Air Force life - part 14
The Air Force wears a unique headdress, the wedge cap, simply described in regulations as “worn on the right side of the head, centred front and back, with the front edge of the cap 2.5 centimetres (1 inch) above the right eyebrow”. It was adopted during the First World War, and was based on the Army’s field service cap
. This headdress was dubbed the wedge cap in 1941 and Second World War photos show it being worn at gravity-defying angles. It probably became popular because it was easily stuffed in a pocket when a helmet was donned for flying. With its jaunty appearance, it remains the preferred headdress of airmen and women to this day.
In August 2012, the commander of the Royal Canadian Air Force (RCAF) directed that the wedge, and no other headdress, will be worn on ceremonial occasions.
In the beginning, only pilots received wings, the badge that is sewn above the left-hand pocket of the tunic. Navigators and observers received half- wings. Today, navigators, now called air combat systems officers, receive full wings, as do flight engineers, loadmasters, and search and rescue technicians, with the symbol in the centre of the badge signifying the member’s occupation.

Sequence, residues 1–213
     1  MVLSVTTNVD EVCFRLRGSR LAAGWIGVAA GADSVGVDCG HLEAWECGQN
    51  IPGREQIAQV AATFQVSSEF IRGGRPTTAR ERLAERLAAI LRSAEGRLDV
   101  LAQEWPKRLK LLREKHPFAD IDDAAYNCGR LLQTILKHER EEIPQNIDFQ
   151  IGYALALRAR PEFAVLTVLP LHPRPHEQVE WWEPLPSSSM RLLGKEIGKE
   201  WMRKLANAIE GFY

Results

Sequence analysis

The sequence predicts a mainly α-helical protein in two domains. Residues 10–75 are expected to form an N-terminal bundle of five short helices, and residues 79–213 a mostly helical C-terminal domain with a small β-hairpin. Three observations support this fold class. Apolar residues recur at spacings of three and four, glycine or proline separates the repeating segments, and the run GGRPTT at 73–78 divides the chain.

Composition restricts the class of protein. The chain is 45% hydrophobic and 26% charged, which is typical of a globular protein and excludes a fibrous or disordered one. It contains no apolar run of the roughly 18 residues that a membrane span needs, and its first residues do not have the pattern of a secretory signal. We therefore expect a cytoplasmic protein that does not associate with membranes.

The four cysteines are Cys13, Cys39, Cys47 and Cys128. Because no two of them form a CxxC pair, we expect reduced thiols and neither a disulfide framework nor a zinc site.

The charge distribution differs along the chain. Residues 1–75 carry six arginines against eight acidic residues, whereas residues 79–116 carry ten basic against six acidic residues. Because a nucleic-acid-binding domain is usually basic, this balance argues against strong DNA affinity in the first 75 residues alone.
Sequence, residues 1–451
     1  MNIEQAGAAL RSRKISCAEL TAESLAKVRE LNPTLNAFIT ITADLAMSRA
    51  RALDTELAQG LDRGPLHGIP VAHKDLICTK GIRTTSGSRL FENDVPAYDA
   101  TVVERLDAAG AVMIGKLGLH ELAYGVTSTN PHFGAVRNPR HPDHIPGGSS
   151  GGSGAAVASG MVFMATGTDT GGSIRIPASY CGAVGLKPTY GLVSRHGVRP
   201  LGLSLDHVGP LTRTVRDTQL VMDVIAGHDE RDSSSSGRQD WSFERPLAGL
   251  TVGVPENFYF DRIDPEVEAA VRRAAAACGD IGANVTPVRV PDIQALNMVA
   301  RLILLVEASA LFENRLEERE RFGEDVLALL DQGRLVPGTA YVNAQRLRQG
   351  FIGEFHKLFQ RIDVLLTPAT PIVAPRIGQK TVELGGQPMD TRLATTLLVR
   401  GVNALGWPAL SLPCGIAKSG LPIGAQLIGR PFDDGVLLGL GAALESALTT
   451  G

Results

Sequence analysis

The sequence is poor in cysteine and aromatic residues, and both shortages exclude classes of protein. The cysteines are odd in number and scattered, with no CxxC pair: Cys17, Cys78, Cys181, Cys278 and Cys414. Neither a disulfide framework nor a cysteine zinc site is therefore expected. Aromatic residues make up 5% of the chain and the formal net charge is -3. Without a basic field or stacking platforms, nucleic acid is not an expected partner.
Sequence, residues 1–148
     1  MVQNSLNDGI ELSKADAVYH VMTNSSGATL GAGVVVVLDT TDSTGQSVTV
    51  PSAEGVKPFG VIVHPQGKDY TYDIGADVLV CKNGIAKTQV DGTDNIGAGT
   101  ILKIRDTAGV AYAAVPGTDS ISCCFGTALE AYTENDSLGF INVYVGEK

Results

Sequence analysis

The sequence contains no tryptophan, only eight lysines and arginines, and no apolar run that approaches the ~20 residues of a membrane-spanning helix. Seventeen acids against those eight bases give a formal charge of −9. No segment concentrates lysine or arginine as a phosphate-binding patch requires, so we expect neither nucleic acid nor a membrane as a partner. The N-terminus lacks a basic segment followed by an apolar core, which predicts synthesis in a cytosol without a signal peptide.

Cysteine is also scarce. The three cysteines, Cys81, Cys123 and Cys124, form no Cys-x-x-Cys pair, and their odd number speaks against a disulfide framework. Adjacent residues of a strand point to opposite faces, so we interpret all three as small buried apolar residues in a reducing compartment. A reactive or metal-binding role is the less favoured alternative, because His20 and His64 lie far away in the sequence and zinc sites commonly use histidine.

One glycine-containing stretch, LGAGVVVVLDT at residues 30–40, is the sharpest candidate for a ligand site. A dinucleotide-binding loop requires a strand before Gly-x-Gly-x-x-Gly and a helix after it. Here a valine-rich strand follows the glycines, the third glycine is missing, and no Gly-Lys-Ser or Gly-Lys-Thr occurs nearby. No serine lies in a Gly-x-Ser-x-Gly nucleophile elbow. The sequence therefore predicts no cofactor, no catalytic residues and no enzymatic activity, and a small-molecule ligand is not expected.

Personnel with other jobs in the Air Force wear badges on the right sides of their tunics that designate their occupation.
Walk into any Air Force mess or office and you’ll find the evidence of “zapping”. Stickers on the walls, on the seats and tables, on file cabinets, and all over the bathroom that trumpet “14 Wing”, “407 Squadron” or just an all-encompassing roundel. These “zappers” are how transient Air Force air and groundcrew, whether passing through Winnipeg or Kabul, leave a bit of unit identification wherever they go.
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